Fact: Pure scientific method actually includes testing the hypothesis -- and the opposite of the hypothesis.
Opinion: I believe this purist approach to science and predictive tools unfortunately evades many modern-day “salaried scientists” … including some I-O (Industrial – Organizational) Psychologists who develop assessment tests to predict job success or flag questionable job candidates … sometimes only looking to confirm what they believe to be true. This is probably a function of the intense pressure to get verifiable "scientific" results more quickly in order to demonstrate business value to internal / external clients.
Many recruiting experts would agree that “false negatives” (rejecting a job candidate that would have been a great contributor) are much more harmful to an organization than “false positives” (hiring a job candidate that turns out to be a bad hire). This is generally the case because – as Bill Gates maintains – losing a potential star developer to a direct competitor can be the equivalent of losing $1 billion over the career of that developer. In contrast, most poor hiring decisions are usually addressed / ameliorated within 3-6 months; so on average, they are rarely costing an organization over $40-50,000 for the average professional. So – potentially, a “false negative” can be 20,000 times more costly than a “false positive” --- ok, maybe worst case.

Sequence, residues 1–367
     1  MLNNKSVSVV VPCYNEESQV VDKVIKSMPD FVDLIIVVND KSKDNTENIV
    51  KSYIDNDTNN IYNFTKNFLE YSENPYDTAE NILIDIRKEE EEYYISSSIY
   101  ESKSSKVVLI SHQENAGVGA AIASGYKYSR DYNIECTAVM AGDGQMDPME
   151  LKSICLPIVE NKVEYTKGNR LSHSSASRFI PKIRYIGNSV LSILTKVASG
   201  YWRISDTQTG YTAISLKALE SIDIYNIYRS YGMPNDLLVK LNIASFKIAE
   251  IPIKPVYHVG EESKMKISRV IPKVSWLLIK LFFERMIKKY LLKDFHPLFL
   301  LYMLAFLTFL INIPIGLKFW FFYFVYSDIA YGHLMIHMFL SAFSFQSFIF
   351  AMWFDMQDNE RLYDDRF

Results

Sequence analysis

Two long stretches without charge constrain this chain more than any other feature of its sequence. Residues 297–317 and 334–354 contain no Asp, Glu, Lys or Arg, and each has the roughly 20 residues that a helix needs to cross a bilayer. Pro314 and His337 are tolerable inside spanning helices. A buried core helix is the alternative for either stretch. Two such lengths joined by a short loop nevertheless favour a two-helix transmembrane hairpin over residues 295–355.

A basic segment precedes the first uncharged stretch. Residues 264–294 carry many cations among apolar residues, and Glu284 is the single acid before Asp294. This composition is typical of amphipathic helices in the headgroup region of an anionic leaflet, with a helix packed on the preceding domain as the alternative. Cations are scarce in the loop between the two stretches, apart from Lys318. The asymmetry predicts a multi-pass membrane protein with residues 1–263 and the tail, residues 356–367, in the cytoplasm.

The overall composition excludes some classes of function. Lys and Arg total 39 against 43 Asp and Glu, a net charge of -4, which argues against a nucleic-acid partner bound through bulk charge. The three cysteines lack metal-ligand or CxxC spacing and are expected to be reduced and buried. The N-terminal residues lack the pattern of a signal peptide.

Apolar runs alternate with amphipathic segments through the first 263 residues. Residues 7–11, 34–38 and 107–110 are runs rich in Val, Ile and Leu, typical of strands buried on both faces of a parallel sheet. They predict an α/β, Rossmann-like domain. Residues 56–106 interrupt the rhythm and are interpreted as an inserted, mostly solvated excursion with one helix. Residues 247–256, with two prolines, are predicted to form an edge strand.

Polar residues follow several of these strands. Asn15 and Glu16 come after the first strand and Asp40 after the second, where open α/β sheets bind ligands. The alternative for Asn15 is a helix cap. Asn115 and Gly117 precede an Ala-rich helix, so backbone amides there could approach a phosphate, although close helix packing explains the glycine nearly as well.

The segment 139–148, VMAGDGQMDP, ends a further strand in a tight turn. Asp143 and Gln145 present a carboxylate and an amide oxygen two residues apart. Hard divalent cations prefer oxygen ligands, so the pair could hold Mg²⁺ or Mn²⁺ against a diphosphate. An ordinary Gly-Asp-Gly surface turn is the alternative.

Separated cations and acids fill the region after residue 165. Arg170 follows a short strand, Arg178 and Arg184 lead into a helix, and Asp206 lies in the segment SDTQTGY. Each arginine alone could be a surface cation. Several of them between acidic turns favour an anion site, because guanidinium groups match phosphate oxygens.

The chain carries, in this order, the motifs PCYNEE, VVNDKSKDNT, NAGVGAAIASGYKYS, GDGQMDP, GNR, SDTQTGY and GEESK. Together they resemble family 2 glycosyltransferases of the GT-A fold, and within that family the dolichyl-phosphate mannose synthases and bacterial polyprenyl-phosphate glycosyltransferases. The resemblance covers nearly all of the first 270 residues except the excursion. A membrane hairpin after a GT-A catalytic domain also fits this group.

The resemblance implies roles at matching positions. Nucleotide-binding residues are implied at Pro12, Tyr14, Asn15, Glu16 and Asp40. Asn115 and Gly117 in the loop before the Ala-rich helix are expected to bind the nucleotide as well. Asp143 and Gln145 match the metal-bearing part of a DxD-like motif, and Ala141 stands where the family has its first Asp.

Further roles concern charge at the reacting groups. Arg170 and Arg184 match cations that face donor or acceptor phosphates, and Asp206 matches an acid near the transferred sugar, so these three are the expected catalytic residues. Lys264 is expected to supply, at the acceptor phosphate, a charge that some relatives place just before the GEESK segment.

In this context, perhaps we should be concerned that many assessment tests given to job candidates include this particular item to generally screen them out:
• A previous “job-hopping” pattern is often used to predict which job candidates would likely not be an ideal hire, even though the opposite may well be true for certain positions or job situations. For example, a business development exec that changes jobs every 2-3 years probably has a considerably bigger network of contacts to call on … and likely even a broader selling skills repertoire, than a sales executive who has been with one or two organizations over a long sales career. Moreover, a job-hopping sales exec may have been so good that their Sales Comp plan did not adequately reward them, driving them elsewhere.
• The same job-hopping disqualifier or “yellow flag” as a predictive tool also runs counter to the notion that people who have worked in a variety of organizations are exposed to many different ways of doing things, including a broader range of best industry practices.
Bottom line --- predictive tools can be very powerful and useful in Talent Management (e.g., Recruiting), but caution should be exercised in the form of not applying the same conclusions across all types of roles, candidate / manager behavioral profiles and work situations.